Inflammatory bowel disease (IBD) is a common disorder in cats characterized by inflammation and thickening of the intestinal lining, together with classic signs of gastrointestinal distress.
Symptoms of Inflammatory Bowel Disease in Cats
Inflammatory bowel disease causes chronic, cyclic or intermittent gastrointestinal upset and abdominal pain. The symptoms may be mild at first but typically worsen with time. IBD is most common in middle-aged and older cats, although younger cats can be affected as well. Some reports suggest that Siamese cats - and purebred cats, in general - are predisposed.
The most consistent clinical sign in cats suffering from IBD is anorexia, followed by weight loss, vomiting and watery diarrhea, in that order. Affected cats are thin and appear sickly, with poor body condition and a dull hair coat. The vomitus from cats with IBD is usually frothy and flecked with bile; it rarely includes solid food. The diarrhea from affected cats often includes mucous and/or fresh blood, especially as the disease progresses. Some cats will eliminate inappropriately, outside of their litter box. Some cats will experience borborygmus (a rumbling noise caused by gas moving through the intestines) and flatulence, as well. These clinical signs commonly wax and wane over time.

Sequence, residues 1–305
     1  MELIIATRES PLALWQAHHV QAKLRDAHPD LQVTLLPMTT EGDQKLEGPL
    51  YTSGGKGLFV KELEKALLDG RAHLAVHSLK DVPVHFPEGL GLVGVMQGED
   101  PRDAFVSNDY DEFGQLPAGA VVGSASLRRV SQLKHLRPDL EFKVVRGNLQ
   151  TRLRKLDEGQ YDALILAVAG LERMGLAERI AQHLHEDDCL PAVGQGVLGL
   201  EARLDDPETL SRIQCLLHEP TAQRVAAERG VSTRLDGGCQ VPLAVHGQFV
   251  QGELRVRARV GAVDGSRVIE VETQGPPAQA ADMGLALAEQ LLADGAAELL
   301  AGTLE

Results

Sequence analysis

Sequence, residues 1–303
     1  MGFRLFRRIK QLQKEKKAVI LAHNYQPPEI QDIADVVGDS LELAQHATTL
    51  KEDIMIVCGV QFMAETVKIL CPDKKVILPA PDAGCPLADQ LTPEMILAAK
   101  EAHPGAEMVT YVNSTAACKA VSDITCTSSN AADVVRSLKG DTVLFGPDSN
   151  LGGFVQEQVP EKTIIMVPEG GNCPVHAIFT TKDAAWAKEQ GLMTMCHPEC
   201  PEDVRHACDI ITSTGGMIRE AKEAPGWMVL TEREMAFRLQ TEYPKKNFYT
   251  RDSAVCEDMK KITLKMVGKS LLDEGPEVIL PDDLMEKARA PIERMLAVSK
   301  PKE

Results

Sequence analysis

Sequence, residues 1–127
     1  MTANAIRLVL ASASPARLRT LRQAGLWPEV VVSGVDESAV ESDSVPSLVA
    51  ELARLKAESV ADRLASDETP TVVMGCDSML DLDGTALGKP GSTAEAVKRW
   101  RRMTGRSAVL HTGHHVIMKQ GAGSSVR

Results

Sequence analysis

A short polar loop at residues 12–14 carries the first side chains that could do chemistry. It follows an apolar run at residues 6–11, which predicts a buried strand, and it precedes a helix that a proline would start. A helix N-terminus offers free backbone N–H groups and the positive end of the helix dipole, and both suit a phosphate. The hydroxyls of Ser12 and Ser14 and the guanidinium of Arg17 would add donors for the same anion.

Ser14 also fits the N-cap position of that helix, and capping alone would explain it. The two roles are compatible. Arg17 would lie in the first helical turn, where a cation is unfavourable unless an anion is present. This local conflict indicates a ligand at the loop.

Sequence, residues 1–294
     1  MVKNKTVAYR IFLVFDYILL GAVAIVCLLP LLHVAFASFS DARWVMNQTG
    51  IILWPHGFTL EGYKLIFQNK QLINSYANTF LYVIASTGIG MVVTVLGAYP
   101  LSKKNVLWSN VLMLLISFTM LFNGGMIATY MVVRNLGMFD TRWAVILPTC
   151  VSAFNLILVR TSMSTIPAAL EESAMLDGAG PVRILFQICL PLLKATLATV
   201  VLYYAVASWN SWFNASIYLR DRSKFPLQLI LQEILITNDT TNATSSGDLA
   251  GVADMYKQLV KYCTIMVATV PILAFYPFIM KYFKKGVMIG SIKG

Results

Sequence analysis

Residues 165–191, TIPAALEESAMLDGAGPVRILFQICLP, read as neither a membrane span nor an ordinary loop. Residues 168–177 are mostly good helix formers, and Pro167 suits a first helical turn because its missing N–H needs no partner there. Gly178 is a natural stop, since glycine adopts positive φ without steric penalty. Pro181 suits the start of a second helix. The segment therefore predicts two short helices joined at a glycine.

Inflammatory bowel disease can be extremely painful. However, cats can be quite stoic, and the signs of pain are not always easy for owners to detect. Some cats will appear depressed or lethargic. They may resist being held or touched, or they may hide. Sometimes, they will have difficulty walking or even standing up.